By Carolyn Wells.
J. B. Lippincott Co.
1914. 309 pages. $1.25
Available on Kindle.
Online HERE and HERE (includes a diagram).
Whatever else her merits (or lack of them) may have been, Wells was ahead of Christie, et al., in anticipating the Golden Age of Detection:
A wealthy eccentric has conceived the plan—strongly opposed by his young wife and the son and daughter of his first marriage—of putting the bulk of his fortune into a public library. He goes so far as to have the deed of gift drawn up ready for signing—and the next morning is found dead in his study. Apparently he has died by his own hands, for the room is too impregnably barred and bolted on the inside to permit any other explanation than suicide. Yet the ambiguous nature of the wound, the absence of any weapon to account for it, the fact that his wife's pearls are missing from his safe and the deed of gift from his desk, all point another way.
The guests of the house suspect his housekeeper and valet, the neighbors his son, and the servants his wife—by one of whose admirers the investigation of the mystery is prosecuted in the spirit suggested by the title. There is a seemingly inexplicable tangle of incriminating evidence and only one apparent clue—the one that nobody is willing to follow.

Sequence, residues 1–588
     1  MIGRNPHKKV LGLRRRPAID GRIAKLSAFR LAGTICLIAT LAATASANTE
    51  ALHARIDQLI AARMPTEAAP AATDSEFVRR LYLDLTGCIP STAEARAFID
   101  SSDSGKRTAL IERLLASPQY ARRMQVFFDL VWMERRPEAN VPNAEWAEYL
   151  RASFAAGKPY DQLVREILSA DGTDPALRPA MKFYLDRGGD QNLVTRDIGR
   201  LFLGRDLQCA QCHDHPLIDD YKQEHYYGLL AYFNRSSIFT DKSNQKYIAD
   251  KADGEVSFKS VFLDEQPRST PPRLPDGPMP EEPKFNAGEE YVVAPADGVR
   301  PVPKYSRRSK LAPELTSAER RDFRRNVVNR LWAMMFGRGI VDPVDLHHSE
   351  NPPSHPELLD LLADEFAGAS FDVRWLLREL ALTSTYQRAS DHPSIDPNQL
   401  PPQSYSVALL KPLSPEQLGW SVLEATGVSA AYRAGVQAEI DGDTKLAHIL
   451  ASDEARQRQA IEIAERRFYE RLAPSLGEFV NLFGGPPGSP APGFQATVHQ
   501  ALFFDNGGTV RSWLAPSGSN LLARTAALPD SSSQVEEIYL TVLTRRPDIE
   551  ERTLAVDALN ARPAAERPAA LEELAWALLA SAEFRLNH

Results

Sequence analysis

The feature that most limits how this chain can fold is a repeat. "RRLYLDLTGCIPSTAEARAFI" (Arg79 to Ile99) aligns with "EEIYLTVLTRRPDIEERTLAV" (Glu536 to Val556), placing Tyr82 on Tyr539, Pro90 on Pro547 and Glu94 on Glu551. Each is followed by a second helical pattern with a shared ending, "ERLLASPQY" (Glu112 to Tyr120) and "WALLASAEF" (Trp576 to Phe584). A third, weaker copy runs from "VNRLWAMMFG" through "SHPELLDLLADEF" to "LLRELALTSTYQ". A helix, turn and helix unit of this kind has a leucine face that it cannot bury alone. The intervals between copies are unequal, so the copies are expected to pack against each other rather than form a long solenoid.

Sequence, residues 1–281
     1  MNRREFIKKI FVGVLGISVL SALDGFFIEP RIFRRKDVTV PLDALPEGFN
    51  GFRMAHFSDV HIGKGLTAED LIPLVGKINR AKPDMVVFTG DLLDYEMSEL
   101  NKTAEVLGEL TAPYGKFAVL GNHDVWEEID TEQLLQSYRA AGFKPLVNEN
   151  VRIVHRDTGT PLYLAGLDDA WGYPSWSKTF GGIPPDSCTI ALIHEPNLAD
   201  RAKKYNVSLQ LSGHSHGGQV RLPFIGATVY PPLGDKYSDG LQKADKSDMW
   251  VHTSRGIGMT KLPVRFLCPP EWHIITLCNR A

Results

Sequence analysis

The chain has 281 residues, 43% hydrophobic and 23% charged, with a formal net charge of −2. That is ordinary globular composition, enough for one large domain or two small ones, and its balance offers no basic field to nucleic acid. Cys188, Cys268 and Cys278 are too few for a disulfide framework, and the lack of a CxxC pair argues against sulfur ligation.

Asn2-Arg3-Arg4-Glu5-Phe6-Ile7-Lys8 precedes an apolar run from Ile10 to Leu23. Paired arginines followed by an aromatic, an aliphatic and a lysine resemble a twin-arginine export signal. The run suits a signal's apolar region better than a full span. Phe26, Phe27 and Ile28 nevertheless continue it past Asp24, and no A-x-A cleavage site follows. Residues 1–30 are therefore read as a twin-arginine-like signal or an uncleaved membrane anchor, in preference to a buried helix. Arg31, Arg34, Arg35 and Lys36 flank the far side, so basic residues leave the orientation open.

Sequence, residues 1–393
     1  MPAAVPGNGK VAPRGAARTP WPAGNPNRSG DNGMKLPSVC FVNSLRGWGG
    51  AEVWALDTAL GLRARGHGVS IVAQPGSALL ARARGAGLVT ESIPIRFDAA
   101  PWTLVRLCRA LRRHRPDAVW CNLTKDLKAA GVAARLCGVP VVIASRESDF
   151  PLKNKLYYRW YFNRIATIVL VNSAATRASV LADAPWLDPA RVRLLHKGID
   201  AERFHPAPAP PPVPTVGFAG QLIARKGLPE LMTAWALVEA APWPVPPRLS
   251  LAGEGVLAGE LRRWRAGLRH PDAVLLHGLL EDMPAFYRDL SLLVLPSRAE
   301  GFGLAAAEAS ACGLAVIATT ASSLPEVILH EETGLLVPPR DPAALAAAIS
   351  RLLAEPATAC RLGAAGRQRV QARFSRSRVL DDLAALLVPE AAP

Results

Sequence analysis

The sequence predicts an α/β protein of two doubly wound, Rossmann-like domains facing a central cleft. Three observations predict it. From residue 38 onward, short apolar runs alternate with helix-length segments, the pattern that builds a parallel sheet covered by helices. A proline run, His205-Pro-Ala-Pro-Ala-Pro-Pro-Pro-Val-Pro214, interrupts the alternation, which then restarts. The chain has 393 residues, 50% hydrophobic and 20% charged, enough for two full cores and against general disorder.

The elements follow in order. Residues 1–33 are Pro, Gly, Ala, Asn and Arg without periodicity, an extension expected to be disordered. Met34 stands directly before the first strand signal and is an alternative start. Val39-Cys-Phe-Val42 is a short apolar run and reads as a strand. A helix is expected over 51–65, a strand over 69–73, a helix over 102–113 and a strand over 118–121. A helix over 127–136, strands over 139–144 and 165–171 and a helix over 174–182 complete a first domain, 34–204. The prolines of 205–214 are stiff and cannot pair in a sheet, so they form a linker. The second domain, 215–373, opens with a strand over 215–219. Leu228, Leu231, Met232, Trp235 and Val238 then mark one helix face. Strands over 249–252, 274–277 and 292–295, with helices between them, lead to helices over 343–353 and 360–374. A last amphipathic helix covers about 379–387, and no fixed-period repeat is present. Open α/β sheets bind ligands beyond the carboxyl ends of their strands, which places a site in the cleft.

The quandary is quite enough to satisfy all lovers of this genre. When the time comes for the solution, this proves rather disappointing on the mechanical side, the preparation in one important particular having been most clumsy. On the psychological side, however, the mystery has been more successfully masked, and the fixing of the guilt comes as a genuine surprise. — Unsigned, THE NATION (April 16, 1914; scroll to page 433, middle bottom)
Anybody but Anne (1913-1914) shares most of the characteristics of Wells' later Faulkner's Folly:
- It is a full, formal mystery novel, of the kind that would later be popular in the Golden Age.
- It is set in a country house, and anticipates the mysteries soon to be popular in such houses.
- The cast of suspects resemble those to be found in many later detective books.
- It is a locked room mystery — but the solution of the locked room is based on ideas that would later be regarded as cheating. Still, the cheat of a solution shows some real ingenuity.
- The book shows the imagination with architecture, that would later be part of the Golden Age. It comes complete with a floor plan. The country house is of the kind that might have later inspired the mystery game known as Clue or Cluedo: there is even a billiard room!
Wells pleasantly includes some subsidiary mysteries, that have nothing to do with the locked room. These too show some mild but pleasing ingenuity. Such subplots are also standard in Golden Age detective novels.
I do not know if Wells invented the above template for formal mystery novels, or whether she derived it from other authors. Anybody but Anne does establish that what we think of as a "typical Golden Age style mystery novel" was in existence before what is often thought of as the official start of the Golden Age in 1920. It is also a fact that Wells was American, and that her book is set in the United States: somewhere in New England. — Mike Grost, A GUIDE TO CLASSIC MYSTERY AND DETECTION ("Carolyn Wells")
- Previous ONTOS articles concerning Wells are HERE and HERE.
Category: Detective fiction